Cox argues that extending the ethanol tax credits now will only divert resources from much-needed research into those second-generation fuels.
“The argument that is always put forward is that corn ethanol is a bridge to this future of next generation biofuels,” he said. “But it is actually sort of hard to parse out what exactly is that bridge. If we really want to get to advanced biofuels, why don’t we just focus on that?”
In spite of widespread support for the ethanol tax credit in the Corn Belt, passage of the legislation faces a steeper climb than in the past, he added.
From the livestock industry through the environmental community, opposition to the credit is larger and better organized than in past years. Rising prices of food for human consumption are often blamed on ethanol mandates, but much of the corn in this country is used for livestock feed. Groups like the National Cattlemen’s Beef Association have called for corn and ethanol prices to be set by the market rather than by government tax subsidies.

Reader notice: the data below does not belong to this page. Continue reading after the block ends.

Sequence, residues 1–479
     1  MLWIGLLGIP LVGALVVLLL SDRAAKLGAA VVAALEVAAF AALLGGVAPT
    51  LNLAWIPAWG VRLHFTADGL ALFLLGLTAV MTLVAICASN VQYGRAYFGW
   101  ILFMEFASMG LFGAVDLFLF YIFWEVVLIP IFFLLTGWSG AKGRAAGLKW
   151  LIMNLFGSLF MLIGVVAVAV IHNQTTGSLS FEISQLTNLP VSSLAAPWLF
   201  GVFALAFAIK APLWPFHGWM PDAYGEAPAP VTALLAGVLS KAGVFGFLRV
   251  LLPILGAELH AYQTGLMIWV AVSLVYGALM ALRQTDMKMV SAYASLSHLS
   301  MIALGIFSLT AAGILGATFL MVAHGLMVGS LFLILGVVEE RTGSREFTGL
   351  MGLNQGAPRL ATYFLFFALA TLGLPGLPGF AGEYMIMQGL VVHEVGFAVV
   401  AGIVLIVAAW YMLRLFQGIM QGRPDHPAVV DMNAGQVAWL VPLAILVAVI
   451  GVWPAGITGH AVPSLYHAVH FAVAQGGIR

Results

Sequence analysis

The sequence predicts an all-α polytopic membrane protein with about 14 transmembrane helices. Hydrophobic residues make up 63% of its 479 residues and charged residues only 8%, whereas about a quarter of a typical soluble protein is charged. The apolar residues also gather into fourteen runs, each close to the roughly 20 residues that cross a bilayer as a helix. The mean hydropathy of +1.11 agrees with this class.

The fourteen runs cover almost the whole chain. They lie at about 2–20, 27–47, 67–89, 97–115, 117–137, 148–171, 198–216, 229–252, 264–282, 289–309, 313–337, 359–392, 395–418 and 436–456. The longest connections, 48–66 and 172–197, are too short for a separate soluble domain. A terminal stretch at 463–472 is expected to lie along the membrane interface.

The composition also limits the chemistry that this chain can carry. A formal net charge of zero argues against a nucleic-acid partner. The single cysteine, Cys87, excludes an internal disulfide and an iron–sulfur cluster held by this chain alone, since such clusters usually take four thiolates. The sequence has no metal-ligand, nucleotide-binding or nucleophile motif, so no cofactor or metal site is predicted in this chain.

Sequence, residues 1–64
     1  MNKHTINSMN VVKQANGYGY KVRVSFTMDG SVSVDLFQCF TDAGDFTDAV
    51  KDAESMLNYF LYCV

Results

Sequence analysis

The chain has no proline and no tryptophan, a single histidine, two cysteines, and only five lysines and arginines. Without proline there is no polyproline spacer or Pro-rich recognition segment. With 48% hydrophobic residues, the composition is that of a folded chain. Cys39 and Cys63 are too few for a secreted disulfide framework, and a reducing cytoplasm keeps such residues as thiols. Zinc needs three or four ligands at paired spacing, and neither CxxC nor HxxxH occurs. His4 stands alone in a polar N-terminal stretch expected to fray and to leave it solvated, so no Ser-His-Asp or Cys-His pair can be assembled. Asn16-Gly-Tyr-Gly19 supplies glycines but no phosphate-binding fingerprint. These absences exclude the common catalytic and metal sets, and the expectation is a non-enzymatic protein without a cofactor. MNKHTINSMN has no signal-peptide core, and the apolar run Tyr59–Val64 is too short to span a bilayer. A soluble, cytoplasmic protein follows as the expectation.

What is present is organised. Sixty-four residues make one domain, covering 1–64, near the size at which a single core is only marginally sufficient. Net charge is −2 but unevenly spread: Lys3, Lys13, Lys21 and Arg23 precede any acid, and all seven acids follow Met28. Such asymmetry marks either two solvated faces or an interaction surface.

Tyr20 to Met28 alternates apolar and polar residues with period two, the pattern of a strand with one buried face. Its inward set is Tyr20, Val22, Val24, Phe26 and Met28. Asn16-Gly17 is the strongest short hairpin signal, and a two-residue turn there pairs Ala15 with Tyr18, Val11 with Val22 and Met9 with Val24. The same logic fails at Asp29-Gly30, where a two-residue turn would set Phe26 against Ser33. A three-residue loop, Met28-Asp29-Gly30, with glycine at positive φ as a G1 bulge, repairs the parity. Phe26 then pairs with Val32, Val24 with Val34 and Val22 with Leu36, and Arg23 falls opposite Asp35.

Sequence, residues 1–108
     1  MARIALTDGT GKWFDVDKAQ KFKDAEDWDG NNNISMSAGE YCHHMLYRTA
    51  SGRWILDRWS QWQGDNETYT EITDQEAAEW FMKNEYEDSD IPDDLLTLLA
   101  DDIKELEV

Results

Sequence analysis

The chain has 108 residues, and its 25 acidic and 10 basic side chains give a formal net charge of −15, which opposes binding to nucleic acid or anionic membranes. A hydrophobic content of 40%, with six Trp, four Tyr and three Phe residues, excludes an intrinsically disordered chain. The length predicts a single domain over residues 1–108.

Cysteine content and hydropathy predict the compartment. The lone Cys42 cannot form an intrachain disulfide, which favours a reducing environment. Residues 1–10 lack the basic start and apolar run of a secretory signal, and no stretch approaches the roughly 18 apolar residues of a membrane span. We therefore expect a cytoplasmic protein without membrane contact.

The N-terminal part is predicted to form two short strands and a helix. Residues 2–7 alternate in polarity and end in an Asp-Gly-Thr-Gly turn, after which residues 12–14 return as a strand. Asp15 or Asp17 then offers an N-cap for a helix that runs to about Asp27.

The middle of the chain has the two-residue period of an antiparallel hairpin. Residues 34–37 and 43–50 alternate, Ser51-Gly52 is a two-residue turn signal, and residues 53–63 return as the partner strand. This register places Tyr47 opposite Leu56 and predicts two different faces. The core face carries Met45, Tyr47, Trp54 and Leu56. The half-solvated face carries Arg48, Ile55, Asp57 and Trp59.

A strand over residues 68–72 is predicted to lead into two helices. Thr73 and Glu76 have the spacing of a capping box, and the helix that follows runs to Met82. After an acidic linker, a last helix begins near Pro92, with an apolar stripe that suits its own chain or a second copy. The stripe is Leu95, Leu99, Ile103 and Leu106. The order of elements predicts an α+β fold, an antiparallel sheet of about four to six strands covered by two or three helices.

“Frankly, the bloom is off the rose in terms of perception among policy makers of the true benefits of corn ethanol,” Cox said.
Good idea, bad idea
The ethanol lobby is adamant that repealing the credit would be economically disastrous.
Brian Jennings, executive vice president of the American Coalition for Ethanol, said the tax credit pays for itself and then some through increased economic activity and tax revenues. Furthermore, he said, maintaining the money flowing toward corn ethanol will actually help the move toward advanced fuel sources.